NEW MUSIC NOW: From Lidless Eyes (time knows no bounds)

NEW MUSIC NOW: It was a cold, rainy Saturday in Ann Arbor, and my reed quintet had just finished recording Douglas Hertz's newest composition From Lidless Eyes (time knows no bounds). This electrifying and captivating NEW work for reed quintet explores the way we, as humans, perceive time.

Take a listen and read the composer's note below:

From Lidless Eyes (time knows no bounds) was initially inspired by Julio Cortázar’s masterful short story, Axolotl. The story gives a first-person account of a man discovering and obsessing over the amphibious Axolotl’s secret life as they waste away in a Parisian aquarium. Cortázar’s work famously treats time in unique and surprising ways. As he contemplates the uninterrupted infinitude of the Axolotl’s life, he mentions that “The eyes of axolotls have no lids.” I found this analogy of lacking the ability to blink as a means of lacking a reference by which to measure time haunting, yet relateable. I was instantly reminded of the innumerable hours spent on overcrowded New York City subways in the company of people unblinkingly passing the time.

In creating this piece, I wanted to treat time similarly, avoiding clear moments of punctuation or progression. The piece’s forward momentum has to then be generated by other means, namely by the gradual, imperceptible evolution of ideas. Additionally, I sought to create music that captured the discomfort that I personally feel in contemplating what behaviors we turn to in our attempts to cope with the mundane.
— Douglas Hertz, Nov. 2016
Hello! I'm an axolotl. Click on me to learn more!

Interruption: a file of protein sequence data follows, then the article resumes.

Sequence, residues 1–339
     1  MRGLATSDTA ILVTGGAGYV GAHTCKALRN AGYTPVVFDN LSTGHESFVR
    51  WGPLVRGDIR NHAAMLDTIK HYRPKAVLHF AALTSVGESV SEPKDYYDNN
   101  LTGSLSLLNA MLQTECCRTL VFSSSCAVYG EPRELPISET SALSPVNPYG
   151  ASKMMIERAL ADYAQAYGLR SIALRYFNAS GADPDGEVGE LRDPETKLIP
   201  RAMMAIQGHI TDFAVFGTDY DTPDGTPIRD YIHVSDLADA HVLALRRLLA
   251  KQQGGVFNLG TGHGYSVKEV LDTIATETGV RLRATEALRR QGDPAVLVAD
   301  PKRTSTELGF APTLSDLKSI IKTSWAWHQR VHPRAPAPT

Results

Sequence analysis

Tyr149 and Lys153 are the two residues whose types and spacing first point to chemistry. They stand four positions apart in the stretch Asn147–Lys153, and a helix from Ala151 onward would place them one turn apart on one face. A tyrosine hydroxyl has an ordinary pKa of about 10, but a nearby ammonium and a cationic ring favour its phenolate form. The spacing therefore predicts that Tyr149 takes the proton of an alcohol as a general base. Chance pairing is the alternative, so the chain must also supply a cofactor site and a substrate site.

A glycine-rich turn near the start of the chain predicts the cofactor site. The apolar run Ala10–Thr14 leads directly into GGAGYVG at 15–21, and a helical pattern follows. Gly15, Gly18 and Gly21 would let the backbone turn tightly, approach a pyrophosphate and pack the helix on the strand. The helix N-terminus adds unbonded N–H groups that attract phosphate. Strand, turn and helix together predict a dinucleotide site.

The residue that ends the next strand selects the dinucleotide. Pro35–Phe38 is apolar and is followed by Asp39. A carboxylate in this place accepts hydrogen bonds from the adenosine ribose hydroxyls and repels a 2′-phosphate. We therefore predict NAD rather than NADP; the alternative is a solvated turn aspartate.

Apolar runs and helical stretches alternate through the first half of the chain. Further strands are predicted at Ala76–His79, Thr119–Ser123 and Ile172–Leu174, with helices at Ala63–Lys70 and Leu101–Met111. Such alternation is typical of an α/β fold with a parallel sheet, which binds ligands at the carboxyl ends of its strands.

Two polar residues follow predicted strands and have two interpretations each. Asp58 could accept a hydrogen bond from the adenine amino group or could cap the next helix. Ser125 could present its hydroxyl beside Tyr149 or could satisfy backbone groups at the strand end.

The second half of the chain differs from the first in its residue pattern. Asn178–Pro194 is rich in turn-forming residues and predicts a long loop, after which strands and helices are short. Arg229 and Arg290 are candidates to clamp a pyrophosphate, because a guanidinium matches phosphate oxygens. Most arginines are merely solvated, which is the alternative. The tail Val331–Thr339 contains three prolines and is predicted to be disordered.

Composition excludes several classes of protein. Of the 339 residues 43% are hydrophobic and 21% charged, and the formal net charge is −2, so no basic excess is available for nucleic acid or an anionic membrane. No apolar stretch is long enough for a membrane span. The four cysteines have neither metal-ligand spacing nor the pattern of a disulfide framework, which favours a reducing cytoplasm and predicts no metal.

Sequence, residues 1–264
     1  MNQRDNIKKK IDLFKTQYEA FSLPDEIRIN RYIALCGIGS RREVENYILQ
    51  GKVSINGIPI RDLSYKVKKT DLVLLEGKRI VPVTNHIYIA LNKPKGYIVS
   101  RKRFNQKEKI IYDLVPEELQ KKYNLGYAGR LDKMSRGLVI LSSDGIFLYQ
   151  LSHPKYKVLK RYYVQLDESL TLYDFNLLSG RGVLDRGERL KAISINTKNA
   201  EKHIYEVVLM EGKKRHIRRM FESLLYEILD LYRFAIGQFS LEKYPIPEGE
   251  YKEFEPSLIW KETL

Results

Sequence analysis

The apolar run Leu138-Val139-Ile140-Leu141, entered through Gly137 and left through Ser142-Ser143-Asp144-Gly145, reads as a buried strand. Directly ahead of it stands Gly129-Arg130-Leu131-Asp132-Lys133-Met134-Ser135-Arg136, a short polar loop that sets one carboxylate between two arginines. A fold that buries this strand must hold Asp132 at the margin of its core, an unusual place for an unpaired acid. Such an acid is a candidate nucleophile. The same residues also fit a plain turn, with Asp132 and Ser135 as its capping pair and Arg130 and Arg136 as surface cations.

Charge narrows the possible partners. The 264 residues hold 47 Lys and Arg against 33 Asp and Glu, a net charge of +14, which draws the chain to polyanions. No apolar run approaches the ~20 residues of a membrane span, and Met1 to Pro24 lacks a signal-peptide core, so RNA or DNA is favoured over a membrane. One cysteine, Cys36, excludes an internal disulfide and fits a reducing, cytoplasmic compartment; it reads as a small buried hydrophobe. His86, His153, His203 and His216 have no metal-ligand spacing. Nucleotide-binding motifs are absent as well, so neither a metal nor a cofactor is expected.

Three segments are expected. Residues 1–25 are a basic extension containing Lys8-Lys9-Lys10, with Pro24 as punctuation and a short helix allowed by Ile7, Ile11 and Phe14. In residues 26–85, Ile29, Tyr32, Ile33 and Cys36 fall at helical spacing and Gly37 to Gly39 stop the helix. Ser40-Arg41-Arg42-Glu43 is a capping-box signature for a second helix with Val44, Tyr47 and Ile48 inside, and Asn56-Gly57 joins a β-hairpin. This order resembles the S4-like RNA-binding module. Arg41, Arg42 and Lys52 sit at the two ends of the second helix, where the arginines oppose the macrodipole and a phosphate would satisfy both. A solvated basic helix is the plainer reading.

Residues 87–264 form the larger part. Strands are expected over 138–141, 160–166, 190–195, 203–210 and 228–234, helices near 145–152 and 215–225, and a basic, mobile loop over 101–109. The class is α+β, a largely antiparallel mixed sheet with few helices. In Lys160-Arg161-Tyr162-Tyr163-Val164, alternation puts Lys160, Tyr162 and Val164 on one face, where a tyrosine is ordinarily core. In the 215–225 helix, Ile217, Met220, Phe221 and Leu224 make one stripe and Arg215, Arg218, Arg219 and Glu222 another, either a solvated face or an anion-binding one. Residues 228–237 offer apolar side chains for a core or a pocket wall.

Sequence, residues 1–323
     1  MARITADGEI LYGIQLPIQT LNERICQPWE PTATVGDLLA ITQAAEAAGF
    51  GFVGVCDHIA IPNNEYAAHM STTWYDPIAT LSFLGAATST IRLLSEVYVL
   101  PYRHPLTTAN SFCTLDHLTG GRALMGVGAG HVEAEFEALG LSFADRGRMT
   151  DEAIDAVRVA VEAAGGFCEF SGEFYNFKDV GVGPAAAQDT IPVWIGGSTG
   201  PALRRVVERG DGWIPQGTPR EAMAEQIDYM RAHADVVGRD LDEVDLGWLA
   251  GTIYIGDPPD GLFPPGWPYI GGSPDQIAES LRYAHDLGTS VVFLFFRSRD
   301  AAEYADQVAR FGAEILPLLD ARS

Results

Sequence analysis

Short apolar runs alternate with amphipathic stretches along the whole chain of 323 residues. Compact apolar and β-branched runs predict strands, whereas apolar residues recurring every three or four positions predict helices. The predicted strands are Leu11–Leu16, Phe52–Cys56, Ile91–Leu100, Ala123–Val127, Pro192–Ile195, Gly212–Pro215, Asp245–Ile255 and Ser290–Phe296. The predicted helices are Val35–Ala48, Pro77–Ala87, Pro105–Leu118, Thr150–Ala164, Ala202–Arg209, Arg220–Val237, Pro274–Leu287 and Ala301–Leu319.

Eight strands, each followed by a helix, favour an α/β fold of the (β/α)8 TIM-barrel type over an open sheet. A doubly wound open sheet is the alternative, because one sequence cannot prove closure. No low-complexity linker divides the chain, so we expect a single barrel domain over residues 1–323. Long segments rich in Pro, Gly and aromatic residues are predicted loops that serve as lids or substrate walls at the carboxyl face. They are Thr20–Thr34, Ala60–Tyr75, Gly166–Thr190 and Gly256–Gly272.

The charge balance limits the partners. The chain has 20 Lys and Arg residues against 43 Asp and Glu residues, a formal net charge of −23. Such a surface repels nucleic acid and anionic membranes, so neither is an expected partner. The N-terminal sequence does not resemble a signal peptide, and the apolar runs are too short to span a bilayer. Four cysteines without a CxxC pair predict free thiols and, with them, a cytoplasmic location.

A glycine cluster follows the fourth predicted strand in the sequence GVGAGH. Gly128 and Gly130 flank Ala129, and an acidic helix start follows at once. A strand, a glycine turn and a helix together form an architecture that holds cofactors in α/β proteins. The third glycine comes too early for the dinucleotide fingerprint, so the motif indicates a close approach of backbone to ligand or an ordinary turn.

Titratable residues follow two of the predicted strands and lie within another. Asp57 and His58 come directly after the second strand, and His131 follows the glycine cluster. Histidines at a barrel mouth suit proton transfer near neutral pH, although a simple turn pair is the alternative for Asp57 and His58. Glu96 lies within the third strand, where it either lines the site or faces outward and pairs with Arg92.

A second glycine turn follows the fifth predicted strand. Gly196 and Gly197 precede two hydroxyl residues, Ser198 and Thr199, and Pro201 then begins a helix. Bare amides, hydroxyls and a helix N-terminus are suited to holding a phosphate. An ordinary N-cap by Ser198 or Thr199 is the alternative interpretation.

Hello! I'm an axolotl. Click on me to learn more!

From Lidless Eyes (time knows no bounds) was commissioned by my new reed quintet at the University of Michigan School of Music, Theatre, and Dance. Composed in 2016, recorded and mixed in Ann Arbor, MI by Douglas Hertz.

Visit Douglas's website to learn more and hear his music.

Now, you might be thinking, "I've never heard something like this before. What were those instruments playing?" 

You've just heard the sound of a reed quintet—a musical ensemble consisting of five "reeded" woodwind instruments: oboe, clarinet, saxophone, bass clarinet, and bassoon. The first reed quintet, Calefax, was formed in 1985 in Amsterdam, and several groups have followed, including the Akropolis Reed Quintet.

Calefax, the very first reed quintet c. 1985

Calefax, the very first reed quintet c. 1985

The reed quintet is an extremely versatile ensemble: it can produce a wide palette of colors ranging from gritty and powerful to delicate and soft—and everything in between. The instruments' differences can produce stark contrasts, like pairing the low honky-ness of the bass clarinet with the pure bel canto tone of the oboe. The five instruments can also blend together into a seamless, organ-like sonority.

My reed quintet is based at the University of Michigan School of Music, Theatre, and Dance. Performers on this recording include: Sagar Anupindi (oboe), Joey Velez (clarinet), Sean Meyers (alto saxophone), Saralyn Klepaczyk (bassoon), and special guest artist Eddie Sundra (bass clarinet). Eddie doesn't play with us regularly, but we were so glad to work with him on this recording!

Believe it or not (full disclosure alert!!!), we haven't come up with a name for our group! What do you think we should call ourselves?